Where does noise reduction fit into workflow?
Below is a simple diagram outlining a basic workflow for reducing noise in images. Step one is quite obvious in that it’s best to prevent noise from getting into an image in the first place. You can learn how to do that here: How to prevent image noise. Once you take a digital image into software there are a few more options. As a general rule it’s best to remove noise as soon as possible, and prior to making other edits. The reason for this comes down to noise basically being individual pixels that have been allocated an incorrect photon count. It’s an error and unless you want to incorporate that as a style of technology, then it’s best to reduce those pixels prior to other adjustments to avoid spreading the noise. If you’re using the noise reduction built into Lightroom then it does’t matter when you apply noise reduction because it’s non destructive anyway, but as soon as a noise reduction plugin is used (or other plugin that requires the image to be exported and permanently adjusted) then the general rule of getting rid of noise early kicks in. The problem with applying noise reduction early however is that plugins like Nik Dfine 2, Noiseware, or Topaz Denoise take time and effort. It makes far more sense to work on a handful of keepers, rather than apply noise reduction on the 500 out takes. There is however a work around which I’ll explain below that gives you the best of both worlds.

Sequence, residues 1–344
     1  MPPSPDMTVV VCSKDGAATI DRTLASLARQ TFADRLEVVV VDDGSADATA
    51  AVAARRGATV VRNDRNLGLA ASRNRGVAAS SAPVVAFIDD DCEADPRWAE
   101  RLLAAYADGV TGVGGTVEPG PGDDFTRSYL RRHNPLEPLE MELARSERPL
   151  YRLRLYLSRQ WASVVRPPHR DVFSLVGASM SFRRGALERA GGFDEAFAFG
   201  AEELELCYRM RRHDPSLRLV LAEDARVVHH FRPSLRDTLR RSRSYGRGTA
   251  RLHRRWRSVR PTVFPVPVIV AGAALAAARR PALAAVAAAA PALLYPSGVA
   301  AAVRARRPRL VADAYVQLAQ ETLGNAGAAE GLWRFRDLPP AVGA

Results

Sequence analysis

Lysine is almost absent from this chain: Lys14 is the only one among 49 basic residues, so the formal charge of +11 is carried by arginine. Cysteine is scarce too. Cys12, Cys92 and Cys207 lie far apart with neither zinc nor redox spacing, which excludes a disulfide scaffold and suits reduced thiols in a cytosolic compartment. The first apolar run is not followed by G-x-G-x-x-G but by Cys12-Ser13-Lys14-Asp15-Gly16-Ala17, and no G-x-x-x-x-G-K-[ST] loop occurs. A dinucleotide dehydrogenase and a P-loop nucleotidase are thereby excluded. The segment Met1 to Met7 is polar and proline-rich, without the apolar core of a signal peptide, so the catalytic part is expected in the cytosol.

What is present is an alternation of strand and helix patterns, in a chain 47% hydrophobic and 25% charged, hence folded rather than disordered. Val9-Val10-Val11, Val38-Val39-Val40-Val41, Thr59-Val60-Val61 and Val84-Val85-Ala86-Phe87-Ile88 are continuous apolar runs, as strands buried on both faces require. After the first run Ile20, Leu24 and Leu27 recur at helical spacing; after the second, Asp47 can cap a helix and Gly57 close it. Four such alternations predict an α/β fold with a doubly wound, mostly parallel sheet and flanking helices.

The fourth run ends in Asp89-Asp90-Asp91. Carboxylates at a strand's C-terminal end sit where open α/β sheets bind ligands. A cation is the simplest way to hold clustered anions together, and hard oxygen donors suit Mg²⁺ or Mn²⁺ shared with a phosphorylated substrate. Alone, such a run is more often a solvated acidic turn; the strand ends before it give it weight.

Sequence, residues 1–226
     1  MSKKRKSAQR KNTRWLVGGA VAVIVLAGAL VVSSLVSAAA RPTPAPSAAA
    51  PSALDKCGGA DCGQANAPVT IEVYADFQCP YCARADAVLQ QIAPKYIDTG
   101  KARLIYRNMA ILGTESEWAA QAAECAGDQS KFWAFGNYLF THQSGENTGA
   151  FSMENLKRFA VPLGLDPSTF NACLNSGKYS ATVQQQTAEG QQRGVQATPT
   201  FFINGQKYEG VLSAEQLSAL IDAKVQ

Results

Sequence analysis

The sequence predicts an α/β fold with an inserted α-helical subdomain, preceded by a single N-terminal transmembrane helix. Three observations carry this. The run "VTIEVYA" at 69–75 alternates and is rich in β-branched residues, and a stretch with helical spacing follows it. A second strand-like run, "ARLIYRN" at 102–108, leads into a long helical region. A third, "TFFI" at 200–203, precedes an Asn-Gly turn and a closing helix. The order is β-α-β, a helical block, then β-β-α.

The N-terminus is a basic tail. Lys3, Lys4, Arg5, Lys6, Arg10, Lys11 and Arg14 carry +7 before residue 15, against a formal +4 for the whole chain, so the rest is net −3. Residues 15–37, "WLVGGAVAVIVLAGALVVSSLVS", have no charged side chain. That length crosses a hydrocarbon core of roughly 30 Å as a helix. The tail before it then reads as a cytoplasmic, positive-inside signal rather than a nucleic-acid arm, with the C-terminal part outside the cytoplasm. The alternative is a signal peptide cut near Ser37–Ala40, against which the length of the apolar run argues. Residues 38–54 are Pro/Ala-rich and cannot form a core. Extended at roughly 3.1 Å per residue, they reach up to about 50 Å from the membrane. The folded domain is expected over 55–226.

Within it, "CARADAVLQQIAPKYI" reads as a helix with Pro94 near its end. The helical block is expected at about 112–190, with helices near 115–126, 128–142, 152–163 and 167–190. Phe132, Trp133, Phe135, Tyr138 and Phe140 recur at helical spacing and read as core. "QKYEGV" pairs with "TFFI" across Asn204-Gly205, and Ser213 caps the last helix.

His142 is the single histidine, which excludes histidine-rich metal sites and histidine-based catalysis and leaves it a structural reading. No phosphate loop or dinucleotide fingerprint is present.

A way to apply noise reduction later in the workflow
If you’re using software like Lightroom to store and edit your images then there is a relatively easy workaround for applying noise reduction later in your workflow.
- Edit the image set within Lightroom like you normally would (I say within Lightroom because if you export to photoshop or a plugin like the Nik suite prior to applying the noise reduction this will not work)
- Refine your images and choose the keepers that require noise reduction work.
- Create a Virtual Copy of the image.
- Reset the copy so that no adjustments have been applied.
- Now use your noise reduction software of choice (This is typically done via photoshop, but not always)
- Save the noise reduced image back to Lightroom
- Now use Lightroom‘s Sync function to apply the edits you originally made to the new noise reduced copy.